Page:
“Consider it as savouring the anticipation and eventual enjoyment by letting an unboxing or two wait for a quieter time. What I also eventually realised was that I actually enjoyed that suspense quite a bit – the promise of future delight in experiencing a beautifully packaged and thus far untouched item. In a hobby where we’re quite genuinely inundated with potential new product all the time, being patient with a couple of pieces allows you to not feel overwhelmed, in my experience.
“The downside of course is that such anticipation can start to feel a bit overwhelming. I’ve had one or two pieces that I’ve been so excited to eventually open that I’ve actually become slightly nervous of being disappointed – almost as if the promise of greatness couldn’t possibly be matched by the reality. Fortunately though, that’s rarely been the case once I have finally chosen to release a particular product from it’s plastic prison. Besides, a MISB collector I most certainly am not, so it will all get opened eventually.”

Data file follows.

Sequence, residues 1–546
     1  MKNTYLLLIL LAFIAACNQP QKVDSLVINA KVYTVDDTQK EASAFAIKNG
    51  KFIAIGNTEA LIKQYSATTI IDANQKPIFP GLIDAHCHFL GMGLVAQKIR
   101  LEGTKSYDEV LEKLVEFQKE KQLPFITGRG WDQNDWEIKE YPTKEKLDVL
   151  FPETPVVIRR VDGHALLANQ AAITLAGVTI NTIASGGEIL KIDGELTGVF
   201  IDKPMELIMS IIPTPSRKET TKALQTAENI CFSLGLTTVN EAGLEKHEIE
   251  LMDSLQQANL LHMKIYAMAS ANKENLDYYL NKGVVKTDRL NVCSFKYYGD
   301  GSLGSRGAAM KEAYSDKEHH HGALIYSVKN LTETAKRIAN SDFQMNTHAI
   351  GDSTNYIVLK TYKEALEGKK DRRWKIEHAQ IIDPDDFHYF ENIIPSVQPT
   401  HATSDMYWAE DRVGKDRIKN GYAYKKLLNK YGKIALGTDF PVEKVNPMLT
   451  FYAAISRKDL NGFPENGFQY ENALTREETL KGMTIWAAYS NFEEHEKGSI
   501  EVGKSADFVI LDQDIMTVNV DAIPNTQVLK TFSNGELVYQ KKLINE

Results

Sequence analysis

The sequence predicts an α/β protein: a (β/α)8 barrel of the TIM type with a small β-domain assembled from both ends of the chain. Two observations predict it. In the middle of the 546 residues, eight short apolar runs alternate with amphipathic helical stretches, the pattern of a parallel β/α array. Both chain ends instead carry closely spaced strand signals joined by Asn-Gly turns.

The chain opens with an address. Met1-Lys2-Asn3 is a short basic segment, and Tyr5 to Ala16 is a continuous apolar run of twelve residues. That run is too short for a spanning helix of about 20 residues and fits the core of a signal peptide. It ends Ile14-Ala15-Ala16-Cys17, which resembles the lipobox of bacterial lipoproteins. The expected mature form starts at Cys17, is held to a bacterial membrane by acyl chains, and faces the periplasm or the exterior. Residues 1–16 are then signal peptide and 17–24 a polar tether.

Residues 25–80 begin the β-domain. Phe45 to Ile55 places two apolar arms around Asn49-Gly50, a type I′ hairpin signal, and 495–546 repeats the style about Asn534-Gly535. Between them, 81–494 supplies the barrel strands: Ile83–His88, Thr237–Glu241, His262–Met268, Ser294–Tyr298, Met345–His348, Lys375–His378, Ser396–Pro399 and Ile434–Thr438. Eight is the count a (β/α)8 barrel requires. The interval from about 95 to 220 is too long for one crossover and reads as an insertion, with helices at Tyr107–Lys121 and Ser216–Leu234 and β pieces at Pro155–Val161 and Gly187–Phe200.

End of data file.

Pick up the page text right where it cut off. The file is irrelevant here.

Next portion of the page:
So in the above case, the backlog itself is not a deterrent, and elements of it add to the enjoyment of collecting. This is not as uncommon as you may think, as we will see later. Richard Brown’s case, however, is slightly different.
“I’ve got at least 20 TFs still to open, down from 50 a few years ago. While it’s frustrating, it’s reassuring. And then it’s a headshaker. I’d like to crack open my toys, but then, as a grown man with a lot of responsibilities I’m relieved I haven’t had time. But, then, why did I buy them? Am I now accumulating objects which will not be played with? I hope not. Do I expect to have time to play with them? Again, I almost hope not. If my work and family get in the way of it, my life is well spent. If and when I have had an hour to myself, I get to have a cursory play – inspection of one mode, play around, try the transformation, inspection of another mode – and then it’s on the shelf with the others, indefinitely. Still, they look better there than sat unopened in my loft.”